Our research program aims to construct a vertically integrated approach to culture and cultural evolution that synthesizes theory and methods from across the sciences, particularly from psychology, economics, biology, and anthropology. Below, we first broadly sketch the theoretical framework that links the various avenues of our work, then highlight certain key aspects of our research program, and finally review past work in setting out our current directions.
Cognitive foundations of culture: The theoretical core of our approach involves understanding the micro-level cognitive processes that influence human learning, and in particular those that affect social learning. To generate hypotheses about how these cognitive processes work, we consider how natural selection may have shaped human learning to allow individuals to most adaptively acquire ideas, beliefs, values, and practices from other individuals. To structure this theorizing, we construct formal evolutionary models that allow us to better assess the logic of particular hypotheses and to generate more precise predictions. Hypotheses about how we learn from others have been tested using a wide range of data from diverse fields, including both laboratory and field studies.
Cultural evolution: Building up from these cognitive and evolutionary foundations involves taking what is known about human social learning, usually grounded in evolutionary hypotheses, and formalizing this in cultural evolutionary models. Such mathematical models show how individual cognitive processes, through social interaction, can give rise to emergent sociological phenomena. This approach permits the development of theories about higher-level phenomena, such as institutions, ethnic groups, and social classes "from the ground up" by linking genetic evolution to cognition to cultural evolution. By making clear predictions about population-level patterns and phenomena, ideas about cognitive and social interaction can then be applied to empirical patterns from anthropology, history, sociology, and economics.
Culture, cognition, and decision-making: The third rung in this theoretical scaffolding focuses on how the products of cultural evolution influence behavior and psychology. By giving rise to partially integrated sets of beliefs, values, and institutions, cultural evolution can potentially affect people's motivations, goals, and reasoning processes. Using a variety of experimental and ethnographic tools, often bringing the "laboratory to the field", we have sought to begin charting culture's effects.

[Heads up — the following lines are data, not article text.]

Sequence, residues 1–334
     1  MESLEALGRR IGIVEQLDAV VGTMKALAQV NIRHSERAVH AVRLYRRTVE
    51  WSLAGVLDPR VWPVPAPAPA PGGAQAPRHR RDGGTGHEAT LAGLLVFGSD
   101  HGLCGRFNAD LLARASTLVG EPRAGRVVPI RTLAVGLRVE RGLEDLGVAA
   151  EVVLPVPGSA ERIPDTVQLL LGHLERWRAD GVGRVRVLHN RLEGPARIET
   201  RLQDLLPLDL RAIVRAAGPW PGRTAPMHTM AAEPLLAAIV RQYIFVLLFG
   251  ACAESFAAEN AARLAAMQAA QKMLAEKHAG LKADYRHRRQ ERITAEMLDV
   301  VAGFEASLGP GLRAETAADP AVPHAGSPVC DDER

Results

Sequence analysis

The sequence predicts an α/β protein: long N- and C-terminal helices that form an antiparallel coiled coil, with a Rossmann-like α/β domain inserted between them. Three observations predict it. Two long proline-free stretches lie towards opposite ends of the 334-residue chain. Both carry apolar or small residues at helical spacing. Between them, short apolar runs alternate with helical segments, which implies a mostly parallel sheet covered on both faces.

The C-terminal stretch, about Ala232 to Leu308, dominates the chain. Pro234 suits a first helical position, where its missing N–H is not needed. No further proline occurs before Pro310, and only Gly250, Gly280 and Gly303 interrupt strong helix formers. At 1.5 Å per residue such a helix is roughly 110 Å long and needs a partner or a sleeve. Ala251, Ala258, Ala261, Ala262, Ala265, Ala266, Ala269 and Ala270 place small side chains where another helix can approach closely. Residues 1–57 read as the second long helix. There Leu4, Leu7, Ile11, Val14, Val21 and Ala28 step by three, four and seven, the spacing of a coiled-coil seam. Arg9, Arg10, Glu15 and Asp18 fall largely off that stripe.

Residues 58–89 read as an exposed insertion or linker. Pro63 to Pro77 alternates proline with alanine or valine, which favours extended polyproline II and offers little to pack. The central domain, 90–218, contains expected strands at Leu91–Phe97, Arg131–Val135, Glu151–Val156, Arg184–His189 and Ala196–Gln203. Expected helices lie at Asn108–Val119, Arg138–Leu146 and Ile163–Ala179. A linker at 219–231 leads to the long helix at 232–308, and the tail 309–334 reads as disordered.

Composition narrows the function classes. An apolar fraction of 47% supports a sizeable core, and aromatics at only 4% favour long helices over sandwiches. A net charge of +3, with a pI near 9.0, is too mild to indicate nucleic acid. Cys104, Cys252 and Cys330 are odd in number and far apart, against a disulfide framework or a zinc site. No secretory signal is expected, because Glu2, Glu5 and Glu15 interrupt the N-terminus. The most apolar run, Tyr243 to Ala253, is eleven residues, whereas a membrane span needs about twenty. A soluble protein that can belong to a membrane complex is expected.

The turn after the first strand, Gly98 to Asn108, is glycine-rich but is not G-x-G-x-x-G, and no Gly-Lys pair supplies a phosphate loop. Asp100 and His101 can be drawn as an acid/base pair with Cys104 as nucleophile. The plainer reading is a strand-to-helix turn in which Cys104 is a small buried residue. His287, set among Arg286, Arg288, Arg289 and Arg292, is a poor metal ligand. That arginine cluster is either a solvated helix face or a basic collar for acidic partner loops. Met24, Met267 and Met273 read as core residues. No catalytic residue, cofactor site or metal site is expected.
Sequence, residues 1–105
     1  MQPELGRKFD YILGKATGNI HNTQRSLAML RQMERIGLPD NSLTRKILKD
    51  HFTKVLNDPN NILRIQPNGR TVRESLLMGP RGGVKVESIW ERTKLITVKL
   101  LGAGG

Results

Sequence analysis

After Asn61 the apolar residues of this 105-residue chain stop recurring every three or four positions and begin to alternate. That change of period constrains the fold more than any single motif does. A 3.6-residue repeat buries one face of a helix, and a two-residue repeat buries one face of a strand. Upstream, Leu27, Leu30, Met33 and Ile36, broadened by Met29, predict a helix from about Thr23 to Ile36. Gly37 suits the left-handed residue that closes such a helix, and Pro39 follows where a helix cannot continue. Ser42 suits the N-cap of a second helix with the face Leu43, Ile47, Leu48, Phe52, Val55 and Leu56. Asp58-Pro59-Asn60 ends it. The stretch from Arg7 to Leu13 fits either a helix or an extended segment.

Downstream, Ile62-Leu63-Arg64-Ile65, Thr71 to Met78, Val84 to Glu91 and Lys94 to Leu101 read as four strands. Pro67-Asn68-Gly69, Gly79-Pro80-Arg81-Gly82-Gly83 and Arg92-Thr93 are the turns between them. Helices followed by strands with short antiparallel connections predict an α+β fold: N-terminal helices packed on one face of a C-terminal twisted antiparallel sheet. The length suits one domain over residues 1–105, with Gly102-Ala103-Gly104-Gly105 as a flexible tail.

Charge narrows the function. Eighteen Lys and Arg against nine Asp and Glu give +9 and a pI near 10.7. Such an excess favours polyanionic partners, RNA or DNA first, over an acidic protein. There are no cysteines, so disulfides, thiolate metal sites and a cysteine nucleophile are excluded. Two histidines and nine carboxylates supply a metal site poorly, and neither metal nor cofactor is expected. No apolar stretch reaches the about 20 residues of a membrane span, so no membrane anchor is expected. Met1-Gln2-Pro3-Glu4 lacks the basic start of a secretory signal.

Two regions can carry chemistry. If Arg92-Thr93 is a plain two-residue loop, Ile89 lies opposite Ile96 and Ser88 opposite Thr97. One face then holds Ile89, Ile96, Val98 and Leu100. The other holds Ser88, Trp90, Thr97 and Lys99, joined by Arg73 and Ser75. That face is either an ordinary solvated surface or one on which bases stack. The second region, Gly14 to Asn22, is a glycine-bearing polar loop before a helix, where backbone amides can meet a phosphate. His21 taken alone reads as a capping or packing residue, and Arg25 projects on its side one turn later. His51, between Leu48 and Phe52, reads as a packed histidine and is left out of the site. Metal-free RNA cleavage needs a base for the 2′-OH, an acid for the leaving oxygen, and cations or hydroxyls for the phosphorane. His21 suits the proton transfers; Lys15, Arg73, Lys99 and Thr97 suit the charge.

Culture-gene coevolution: This final step alters how we think about human evolution. Because humans have likely relied on high-fidelity cultural learning for hundreds of thousand of years, cultural evolution may have influenced our species' genetic evolution in ways not relevant to less cultural species. The cultural transmission of the practice of cooking meat (and making fire), for example, appears to have influenced our digestive system in ways that explain its peculiarity vis-à-vis other mammalian omnivores. Of particular interest to us, however, is not the digestive tract but the possibility that cultural evolution may have constructed cooperative institutional forms that, by spreading and persisting over long periods, have shaped the selective environment faced by the genes that influence our species' social psychology. This line suggests that there may be elements of human social behavior (e.g., aspects of altruism) that cannot be understood without considering the interaction between culture and genes. As above, formal models test the logic of verbal arguments and generate precise predictions.
To highlight the uniqueness and importance of this research program, consider:
1. The approach is non-disciplinary. We focus on big questions that do not reside in any particular discipline. Empirically, it integrates experimental approaches from psychology and economics, in-depth field ethnography, and findings from archaeology, genetics, and history. This non-disciplinary approach has permitted us to publish in the top journals in several fields, including Science, Nature, American Economic Review, American Antiquity, Evolutionary Anthropology, Current Anthropology, Behavioral and Brain Sciences, and the Journal of Theoretical Biology.
2. This approach grounds the study of culture and cultural evolution within evolutionary theory thereby unifying the study of human behavior with the rest of the natural world without ignoring the importance of cultural learning or cultural history in understanding humans.
3. This approach, by emphasizing the construction of formal evolutionary models, adds rigor both to the theorizing about our capacities for culture and the study of cultural evolution and culture-gene coevolution.
4. This approach links psychology and microeconomics, with their emphasis on the individual-level details of learning and decision-making, to anthropology, history, and sociology, with their emphases on social forms, institutions, and broader and larger-scale processes.